Pros and cons of each system? A millivolt system is a proven technology that’s time tested and very reliable. It’s a simpler method to ignite the fireplace. But, is it wasteful?
There are a couple of distinct advantages for keeping a pilot light on year-round. If you live in a damp or humid climate, there’s a very small amount of heat generated by a standing pilot light. This can keep the inside firebox dry and prevent rust from developing. A standing pilot light will also prevent small, silky spider webs from forming inside small orifices in the fireplace. The result is a service call to get the fireplace operational again.
An IPI system is going to be more “efficient” since natural or LP gas is used only when you flip a wall switch or click on your remote. However, IPI is a more complicated ignition system. It requires an electric source to create a spark that ignites the pilot light. If the power is out, the fireplace will not ignite. But most IPI ignition systems for gas fireplaces will use a battery powered backup module for starting the unit when power to the house is disrupted. You just make sure the batteries are fresh!
RE-LIGHTING A PILOT LIGHT
Re-lighting a pilot light on a millivolt system is fairly simple. The procedure is outlined in your owner’s manual and is also explained on an aluminum tag behind the bottom grill of your fireplace. If you want to see the procedure done, Napoleon Fireplaces has a good tutorial on the subject. Your fireplace may vary slightly from this video, but if yours is a millivolt system, the procedure is essentially the same.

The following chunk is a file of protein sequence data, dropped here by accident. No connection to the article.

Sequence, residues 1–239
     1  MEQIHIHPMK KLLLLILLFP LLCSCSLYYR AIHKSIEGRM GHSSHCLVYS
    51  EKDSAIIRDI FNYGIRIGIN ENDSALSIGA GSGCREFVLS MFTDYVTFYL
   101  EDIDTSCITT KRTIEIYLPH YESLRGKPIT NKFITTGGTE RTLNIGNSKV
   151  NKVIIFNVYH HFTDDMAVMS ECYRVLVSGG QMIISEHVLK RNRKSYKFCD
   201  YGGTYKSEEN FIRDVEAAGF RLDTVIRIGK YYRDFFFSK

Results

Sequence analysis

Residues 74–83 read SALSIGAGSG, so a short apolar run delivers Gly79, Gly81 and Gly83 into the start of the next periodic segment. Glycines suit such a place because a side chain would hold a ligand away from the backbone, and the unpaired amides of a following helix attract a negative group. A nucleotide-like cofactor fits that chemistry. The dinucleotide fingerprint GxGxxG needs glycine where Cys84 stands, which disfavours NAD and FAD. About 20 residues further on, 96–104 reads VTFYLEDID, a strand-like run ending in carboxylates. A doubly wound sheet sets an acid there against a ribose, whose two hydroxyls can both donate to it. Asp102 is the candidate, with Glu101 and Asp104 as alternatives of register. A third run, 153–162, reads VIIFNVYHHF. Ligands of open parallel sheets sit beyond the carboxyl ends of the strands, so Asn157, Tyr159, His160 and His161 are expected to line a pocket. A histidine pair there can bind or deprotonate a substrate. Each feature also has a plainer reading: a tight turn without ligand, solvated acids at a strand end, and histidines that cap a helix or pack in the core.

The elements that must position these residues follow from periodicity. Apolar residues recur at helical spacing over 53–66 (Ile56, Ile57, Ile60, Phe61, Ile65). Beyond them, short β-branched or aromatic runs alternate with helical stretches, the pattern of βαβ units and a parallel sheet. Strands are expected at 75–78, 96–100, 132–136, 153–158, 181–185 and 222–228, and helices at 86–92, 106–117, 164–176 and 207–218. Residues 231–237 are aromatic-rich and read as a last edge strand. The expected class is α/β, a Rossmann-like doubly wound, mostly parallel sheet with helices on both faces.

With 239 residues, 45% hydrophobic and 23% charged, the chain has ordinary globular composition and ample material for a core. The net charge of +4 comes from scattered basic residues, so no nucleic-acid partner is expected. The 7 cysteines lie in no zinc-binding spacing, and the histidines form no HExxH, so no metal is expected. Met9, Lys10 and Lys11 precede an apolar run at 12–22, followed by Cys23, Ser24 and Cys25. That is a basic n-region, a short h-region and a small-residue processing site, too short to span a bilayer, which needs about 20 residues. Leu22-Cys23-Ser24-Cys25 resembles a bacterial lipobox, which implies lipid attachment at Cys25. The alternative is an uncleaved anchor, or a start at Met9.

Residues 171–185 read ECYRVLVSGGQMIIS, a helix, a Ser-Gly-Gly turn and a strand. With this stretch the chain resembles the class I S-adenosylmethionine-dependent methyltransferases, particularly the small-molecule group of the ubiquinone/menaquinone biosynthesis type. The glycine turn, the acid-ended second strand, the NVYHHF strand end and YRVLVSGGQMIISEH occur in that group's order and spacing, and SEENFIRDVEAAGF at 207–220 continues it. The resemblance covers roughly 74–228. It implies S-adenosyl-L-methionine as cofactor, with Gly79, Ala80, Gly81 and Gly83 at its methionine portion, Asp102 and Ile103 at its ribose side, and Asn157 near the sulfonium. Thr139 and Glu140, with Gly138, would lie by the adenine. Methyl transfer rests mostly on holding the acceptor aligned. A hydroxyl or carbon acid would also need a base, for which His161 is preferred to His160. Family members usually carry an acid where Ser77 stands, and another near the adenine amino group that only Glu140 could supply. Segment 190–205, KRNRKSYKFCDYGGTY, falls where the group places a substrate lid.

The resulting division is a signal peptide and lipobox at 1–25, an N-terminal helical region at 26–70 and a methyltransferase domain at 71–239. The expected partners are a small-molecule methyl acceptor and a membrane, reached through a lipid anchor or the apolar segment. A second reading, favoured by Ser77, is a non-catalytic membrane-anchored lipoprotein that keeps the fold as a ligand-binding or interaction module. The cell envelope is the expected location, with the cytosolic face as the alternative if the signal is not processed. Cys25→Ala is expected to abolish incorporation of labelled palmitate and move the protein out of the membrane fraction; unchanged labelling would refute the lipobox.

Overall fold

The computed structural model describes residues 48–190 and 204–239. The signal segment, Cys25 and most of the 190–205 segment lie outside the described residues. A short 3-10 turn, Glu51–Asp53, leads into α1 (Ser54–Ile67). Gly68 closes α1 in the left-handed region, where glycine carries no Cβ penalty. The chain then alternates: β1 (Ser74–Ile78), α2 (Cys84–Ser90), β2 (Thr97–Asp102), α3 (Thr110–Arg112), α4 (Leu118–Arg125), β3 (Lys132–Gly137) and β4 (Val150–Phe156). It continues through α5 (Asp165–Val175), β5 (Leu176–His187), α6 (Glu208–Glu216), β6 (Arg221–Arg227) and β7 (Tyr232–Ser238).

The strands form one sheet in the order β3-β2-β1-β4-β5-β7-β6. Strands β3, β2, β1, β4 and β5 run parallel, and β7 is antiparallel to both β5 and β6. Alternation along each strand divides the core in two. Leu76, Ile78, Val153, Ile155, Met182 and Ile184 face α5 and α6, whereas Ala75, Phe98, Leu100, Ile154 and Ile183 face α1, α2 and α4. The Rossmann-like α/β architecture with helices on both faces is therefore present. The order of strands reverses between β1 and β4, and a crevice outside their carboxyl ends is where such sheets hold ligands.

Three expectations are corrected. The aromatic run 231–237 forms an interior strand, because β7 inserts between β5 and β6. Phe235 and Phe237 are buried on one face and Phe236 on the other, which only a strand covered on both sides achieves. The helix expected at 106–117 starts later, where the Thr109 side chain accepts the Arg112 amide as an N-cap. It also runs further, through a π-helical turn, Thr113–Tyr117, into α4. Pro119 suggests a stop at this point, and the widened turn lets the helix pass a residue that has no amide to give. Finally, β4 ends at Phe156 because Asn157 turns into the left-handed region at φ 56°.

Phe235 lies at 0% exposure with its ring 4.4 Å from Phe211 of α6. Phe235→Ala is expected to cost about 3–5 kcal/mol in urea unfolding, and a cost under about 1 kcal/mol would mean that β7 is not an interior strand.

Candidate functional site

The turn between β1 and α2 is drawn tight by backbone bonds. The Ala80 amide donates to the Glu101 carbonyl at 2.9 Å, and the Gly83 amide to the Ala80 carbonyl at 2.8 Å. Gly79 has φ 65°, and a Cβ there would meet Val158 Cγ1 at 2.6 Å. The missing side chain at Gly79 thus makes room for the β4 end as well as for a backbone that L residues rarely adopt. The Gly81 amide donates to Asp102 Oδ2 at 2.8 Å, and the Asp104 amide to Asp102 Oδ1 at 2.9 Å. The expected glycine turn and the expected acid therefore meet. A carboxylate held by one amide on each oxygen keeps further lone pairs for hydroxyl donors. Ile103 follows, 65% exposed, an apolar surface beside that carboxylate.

Today, many fireplace manufacturers produce units in both millivolt models and IPI models. There are some states where IPI technology is mandatory. Other states will allow either type of ignition.
A standing pilot ignition system is typically less expensive than an IPI system. IPI uses newer technology and can be more difficult to troubleshoot than a standard millivolt system in a fireplace.
Many WE LOVE FIRE dealers and their service techs would tell you that they prefer a millivolt system over an IPI system in a fireplace. Remember the old adage, “Keep it simple, make it work”? That could be applied here. There’s a lot less to go wrong in a millivolt system.
The cost to operate the pilot light on a millivolt system is approximately 4.5 therms (450 000 BTUs) of natural gas or about 5 gallons of LP gas per month. Gas rates vary a lot depending on the time of year and regionally. As this article was written, in the Midwest, gas usage for the pilot light on a millivolt system would be approximately $4.50 - $6.50/month for natural and about $5.25 - $7.25/month for LP.
FINALLY, WHAT ABOUT HEATING DURING AN OUTAGE?
Either type of ignition system will operate in the event of a power failure. Depending on the size of the gas burner, a substantial amount of radiate heat can be generated from the fireplace. This radiated heat from the appliance will warm the objects in the room. On the other hand, without power to the house, no convective heat will be felt. Why?
That brings up a common question that dealers are asked: “Will my blower fan operate with the power out.” The answer is no. Fans are reliant on house current and if the power is out in your house, regardless of the type of ignition system on your fireplace, the fan will not operate.